When it comes to global warming, it's the little things

When it comes to fighting global warming, it's the little things we do that will make the difference. So why not do it? It's not just energy bills anymore--now it's all about the carbon.

It's been said before, but can't be said enough. This is not a technology problem. When it comes to fighting global warming, it's the little things we do that will make the difference.

The average American consumer is responsible for about 9-10 tons of carbon emissions per year.

The big three culprits for us consumers: 1) Car miles driven and car size; 2) Power used; 3) Airline miles flown

Here are my favorite little things:

1) When you have the option, drive the family car with the best gas mileage and drive together--no more three-car families driving to church in three separate cars. And my favorite, which I will harp on until the consumer gets it: when you buy that next car, don't worry about the hybrid or no-hybrid decision, just buy one size smaller than you were planning. It IS all about the size.

2) Look to your AC and heating bill--whether it's electric or gas, this is a biggie. Shorter (or colder) showers, adjusting the thermostat (or off during the day while you're gone), washing half your laundry in cold water, and for the love of grief, close the blinds during the day in the summer, and open them in the winter. We can make a difference.

The general rule of thumb is that if you just pay attention to your power bills, you can make small changes that save 10-20 percent.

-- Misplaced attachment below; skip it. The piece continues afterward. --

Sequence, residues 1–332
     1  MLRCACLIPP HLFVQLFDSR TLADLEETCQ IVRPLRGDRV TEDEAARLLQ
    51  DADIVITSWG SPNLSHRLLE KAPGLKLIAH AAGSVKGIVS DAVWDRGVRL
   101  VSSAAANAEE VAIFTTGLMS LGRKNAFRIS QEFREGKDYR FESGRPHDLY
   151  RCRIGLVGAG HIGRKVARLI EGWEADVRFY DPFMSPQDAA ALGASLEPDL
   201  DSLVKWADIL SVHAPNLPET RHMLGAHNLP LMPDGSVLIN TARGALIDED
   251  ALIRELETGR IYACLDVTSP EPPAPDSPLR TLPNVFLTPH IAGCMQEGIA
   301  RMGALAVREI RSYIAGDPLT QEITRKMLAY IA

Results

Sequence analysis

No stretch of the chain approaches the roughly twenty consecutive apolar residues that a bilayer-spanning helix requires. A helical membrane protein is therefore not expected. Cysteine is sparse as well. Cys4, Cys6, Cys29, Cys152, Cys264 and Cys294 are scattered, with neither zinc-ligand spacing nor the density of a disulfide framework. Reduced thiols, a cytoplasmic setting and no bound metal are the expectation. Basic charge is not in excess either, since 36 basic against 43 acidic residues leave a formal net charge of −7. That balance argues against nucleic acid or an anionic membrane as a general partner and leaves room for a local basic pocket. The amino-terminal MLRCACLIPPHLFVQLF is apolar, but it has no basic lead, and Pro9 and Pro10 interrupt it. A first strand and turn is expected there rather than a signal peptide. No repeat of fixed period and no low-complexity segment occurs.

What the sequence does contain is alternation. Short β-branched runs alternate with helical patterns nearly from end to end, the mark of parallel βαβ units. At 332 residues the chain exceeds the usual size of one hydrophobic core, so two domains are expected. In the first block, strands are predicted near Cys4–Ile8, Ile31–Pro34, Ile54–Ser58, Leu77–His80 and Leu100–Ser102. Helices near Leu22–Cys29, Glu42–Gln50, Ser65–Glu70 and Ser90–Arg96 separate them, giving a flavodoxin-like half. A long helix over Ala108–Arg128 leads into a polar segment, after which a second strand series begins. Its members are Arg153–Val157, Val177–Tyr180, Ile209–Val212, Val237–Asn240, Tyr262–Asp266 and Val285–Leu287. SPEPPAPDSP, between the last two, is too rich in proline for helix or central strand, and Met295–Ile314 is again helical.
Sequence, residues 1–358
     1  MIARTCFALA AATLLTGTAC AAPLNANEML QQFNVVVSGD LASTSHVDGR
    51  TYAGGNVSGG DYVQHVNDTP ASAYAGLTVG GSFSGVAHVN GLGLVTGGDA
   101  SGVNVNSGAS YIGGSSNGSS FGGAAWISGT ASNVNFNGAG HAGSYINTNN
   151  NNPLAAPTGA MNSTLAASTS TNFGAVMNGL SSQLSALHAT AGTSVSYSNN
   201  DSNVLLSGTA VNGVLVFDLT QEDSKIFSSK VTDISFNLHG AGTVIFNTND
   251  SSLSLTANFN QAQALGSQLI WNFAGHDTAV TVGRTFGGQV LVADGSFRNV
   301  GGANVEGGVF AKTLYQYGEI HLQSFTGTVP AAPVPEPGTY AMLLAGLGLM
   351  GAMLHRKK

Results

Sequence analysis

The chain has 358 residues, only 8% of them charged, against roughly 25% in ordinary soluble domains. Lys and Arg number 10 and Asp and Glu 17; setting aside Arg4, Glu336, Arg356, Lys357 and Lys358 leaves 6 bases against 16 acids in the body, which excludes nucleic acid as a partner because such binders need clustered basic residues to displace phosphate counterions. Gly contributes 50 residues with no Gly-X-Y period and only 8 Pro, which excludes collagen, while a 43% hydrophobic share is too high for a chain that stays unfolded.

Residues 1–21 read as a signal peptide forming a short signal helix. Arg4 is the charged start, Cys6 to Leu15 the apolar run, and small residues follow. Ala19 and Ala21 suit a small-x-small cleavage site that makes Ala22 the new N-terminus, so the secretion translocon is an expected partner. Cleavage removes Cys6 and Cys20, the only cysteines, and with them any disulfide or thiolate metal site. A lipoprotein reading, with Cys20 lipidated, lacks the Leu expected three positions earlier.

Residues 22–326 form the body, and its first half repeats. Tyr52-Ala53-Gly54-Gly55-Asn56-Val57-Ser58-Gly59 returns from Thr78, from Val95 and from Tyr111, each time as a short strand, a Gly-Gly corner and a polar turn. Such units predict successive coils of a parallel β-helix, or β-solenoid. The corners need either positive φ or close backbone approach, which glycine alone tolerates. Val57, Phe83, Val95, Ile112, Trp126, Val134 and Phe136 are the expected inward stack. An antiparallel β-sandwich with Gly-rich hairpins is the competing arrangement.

And 3) When planning who's going where for Christmas and vacation, we now generally factor in price. Why not compare all the trips on carbon, too? Shorter is better, and the fewer of us who have to travel, the better off the planet is.

So why not do it? It's not just energy bills anymore; now it's all about the carbon.

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Tech Culture
About the author

    Neal Dikeman is a founding Partner at Jane Capital Partners LLC, advising the technology and venture arms of multi-national energy companies in cleantech. While at Jane Capital, he has cofounded superconducting technology company SC Power Systems, Inc. (now Zenergy Power plc), and wireless technology startup WaiterPad POS Systems, and he is currently involved in launching a new venture in carbon credits. Dikeman edits and writes the Cleantech Blog, where he has written extensively on biofuels, solar, and global warming.

     

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